During his long drive to Maryland from his North Carolina home on Sunday, veteran wide receiver Steve Smith had plenty of time to think about an offseason defined by a dramatic change in his life.
After 13 years with the Carolina Panthers, Smith was cut in March following one of the least productive seasons of his career. The Ravens promptly signed him to a three-year, $11 million contract.
Smith remained in a reflective mood as veterans officially reported to camp Wednesday. Smith, however, showed up Monday eager for his new start.
“Honestly, I was just driving up going the opposite way of where I went for 13 years,” Smith said. “It’s a different objective. It’s a different place. It’s a different time. I’ve always looked at training camp as a measuring stick of where I am, mentally and physically, and I think these coaches evaluate that as well. That doesn’t change.”
Besides having a new NFL employer, there’s little different about Smith. The five-time Pro Bowl selection has maintained his gritty personality, his no-nonsense approach to football and his preference for action over words.
Direct as usual, the 35-year-old wasn’t in the mood for questions regarding the practice atmosphere with the Ravens compared to his tenure with the Panthers.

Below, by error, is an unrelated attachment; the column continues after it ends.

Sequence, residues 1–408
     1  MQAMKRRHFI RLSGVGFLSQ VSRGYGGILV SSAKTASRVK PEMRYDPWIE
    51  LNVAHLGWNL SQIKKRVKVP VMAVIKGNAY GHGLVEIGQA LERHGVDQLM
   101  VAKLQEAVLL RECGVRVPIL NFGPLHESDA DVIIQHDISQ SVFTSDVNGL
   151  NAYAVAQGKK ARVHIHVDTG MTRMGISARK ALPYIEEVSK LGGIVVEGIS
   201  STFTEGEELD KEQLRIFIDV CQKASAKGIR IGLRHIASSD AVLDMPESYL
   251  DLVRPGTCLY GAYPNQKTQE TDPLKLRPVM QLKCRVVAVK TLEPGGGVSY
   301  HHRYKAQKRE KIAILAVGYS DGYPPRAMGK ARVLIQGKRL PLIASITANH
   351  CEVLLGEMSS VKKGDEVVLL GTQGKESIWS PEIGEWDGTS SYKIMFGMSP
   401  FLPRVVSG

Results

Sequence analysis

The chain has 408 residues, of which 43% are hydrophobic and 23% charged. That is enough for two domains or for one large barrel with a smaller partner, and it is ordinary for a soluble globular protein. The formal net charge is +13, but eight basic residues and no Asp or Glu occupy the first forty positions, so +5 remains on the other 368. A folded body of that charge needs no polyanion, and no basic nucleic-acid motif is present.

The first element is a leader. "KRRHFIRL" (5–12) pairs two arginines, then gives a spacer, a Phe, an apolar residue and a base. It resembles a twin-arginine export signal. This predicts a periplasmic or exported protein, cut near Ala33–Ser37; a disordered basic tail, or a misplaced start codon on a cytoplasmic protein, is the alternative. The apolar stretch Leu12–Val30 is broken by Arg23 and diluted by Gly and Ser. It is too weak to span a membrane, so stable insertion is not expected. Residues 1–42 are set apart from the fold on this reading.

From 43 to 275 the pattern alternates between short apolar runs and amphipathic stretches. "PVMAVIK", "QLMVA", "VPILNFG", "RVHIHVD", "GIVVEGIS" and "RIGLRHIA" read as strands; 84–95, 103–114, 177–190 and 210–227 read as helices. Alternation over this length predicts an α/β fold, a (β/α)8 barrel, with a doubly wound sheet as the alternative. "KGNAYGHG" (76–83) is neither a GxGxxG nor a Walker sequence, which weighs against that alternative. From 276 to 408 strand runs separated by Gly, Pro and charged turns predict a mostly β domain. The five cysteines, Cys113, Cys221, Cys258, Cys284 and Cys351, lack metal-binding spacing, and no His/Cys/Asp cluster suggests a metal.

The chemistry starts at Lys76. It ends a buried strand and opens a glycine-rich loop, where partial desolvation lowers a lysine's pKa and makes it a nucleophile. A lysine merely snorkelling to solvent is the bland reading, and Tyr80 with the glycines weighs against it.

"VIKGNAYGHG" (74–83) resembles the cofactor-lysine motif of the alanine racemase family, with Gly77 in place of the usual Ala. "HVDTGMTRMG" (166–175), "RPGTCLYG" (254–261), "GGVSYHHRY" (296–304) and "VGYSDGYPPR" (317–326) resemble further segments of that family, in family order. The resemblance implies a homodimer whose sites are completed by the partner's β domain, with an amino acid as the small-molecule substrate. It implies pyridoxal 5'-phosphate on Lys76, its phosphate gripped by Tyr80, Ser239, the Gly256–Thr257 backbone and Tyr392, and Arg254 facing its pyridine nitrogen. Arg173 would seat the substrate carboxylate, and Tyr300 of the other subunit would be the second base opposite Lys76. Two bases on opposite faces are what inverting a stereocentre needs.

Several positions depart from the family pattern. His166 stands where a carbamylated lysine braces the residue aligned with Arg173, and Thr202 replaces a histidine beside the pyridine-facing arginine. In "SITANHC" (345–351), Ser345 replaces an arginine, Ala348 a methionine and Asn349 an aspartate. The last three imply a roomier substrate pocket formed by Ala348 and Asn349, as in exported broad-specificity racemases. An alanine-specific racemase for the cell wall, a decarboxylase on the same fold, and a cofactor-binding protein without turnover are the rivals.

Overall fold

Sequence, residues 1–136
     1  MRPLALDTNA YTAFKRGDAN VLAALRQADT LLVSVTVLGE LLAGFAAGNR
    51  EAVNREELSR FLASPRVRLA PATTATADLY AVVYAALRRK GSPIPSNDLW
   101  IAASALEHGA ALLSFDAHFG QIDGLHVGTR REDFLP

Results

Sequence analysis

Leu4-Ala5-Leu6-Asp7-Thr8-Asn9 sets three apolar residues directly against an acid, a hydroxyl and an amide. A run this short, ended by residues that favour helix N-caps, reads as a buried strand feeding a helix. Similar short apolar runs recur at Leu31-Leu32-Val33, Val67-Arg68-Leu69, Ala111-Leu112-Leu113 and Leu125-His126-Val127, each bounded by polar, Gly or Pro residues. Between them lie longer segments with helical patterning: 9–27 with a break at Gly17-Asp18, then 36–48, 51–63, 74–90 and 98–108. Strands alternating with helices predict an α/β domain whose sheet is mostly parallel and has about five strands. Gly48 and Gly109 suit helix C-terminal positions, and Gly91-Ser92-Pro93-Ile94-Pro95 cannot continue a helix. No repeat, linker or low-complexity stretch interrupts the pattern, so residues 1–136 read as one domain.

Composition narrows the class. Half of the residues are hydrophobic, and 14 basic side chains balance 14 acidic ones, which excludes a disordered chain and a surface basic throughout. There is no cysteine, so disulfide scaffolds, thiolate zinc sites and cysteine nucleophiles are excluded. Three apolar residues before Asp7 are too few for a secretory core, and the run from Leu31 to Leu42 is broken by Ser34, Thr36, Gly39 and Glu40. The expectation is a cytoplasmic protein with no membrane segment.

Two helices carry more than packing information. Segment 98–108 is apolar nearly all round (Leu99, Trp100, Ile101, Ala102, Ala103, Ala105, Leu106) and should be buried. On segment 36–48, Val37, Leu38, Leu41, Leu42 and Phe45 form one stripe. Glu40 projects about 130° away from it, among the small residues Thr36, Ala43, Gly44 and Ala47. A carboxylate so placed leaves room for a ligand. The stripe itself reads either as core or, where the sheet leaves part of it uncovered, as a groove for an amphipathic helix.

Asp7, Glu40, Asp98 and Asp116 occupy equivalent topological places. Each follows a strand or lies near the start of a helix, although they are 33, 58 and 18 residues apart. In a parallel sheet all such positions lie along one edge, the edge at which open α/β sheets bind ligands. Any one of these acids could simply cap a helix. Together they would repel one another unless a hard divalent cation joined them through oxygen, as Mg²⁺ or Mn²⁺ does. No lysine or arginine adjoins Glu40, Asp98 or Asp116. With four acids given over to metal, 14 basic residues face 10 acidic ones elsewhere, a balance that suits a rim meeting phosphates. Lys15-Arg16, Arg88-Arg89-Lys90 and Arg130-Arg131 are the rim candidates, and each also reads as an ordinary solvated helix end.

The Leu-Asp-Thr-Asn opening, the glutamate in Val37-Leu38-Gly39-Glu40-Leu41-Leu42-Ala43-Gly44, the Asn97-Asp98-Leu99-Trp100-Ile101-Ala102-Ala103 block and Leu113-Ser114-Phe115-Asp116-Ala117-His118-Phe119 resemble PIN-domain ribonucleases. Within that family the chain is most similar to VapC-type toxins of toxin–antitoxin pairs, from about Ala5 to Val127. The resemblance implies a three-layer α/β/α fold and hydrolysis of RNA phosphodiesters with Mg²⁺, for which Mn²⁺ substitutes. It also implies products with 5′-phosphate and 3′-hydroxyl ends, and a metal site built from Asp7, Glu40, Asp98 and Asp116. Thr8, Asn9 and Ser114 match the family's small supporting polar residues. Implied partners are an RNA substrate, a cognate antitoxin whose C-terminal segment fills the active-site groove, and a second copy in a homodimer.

“I don’t really want to compare,” Smith said. “I had a great career there and that time has passed, but I think playing and being in the Ravens organization, facility, the Raven way, I think I fit in very perfectly compared to probably where I was prior. So, I’m happy where I’m at and I’m happy I got the opportunity to be here. I think I’m going to fit in perfectly.
“The truth is I wouldn’t be able to appreciate where I am today if I didn’t have the opportunity and experience in Carolina. I’m lucky to even be here. After you hit 35, you should be with a walker and all that stuff. I’m just happy to be playing ball and have the opportunity to play in a conference where it’s smash-mouth football.”
During the Ravens’ minicamp in June, Smith got into a brief altercation with cornerback Lardarius Webb on the practice field when Smith took exception to Webb’s knocking him to the ground. By the next morning, Smith had delivered a peace offering to Webb in the form of breakfast from Dunkin’ Donuts.
Smith’s toughness and bold nature have been embraced by his new teammates. His feistiness frequently trigger memories of former Ravens wide receiver Anquan Boldin, who was traded to the San Francisco 49ers before last season.
“He’s definitely going to be a competitor, I mean he got into a fight the last day of (minicamp),” linebacker Terrell Suggs said of Smith. “He’s still a little fired up about it. We get another defensive guy playing offense with Steve coming over. This is one guy last year (defensive coordinator) Dean Pees told us not to anger, and it was a preseason game.”
When the Panthers were in the process of parting ways with Smith, the Charlotte Observer reported that Carolina general manager Dave Gettleman didn’t want him back because he was concerned that Smith was a disruptive force in the locker room.
Smith has rarely been known to hold back his opinion. He said that quality makes him well-suited for the Ravens.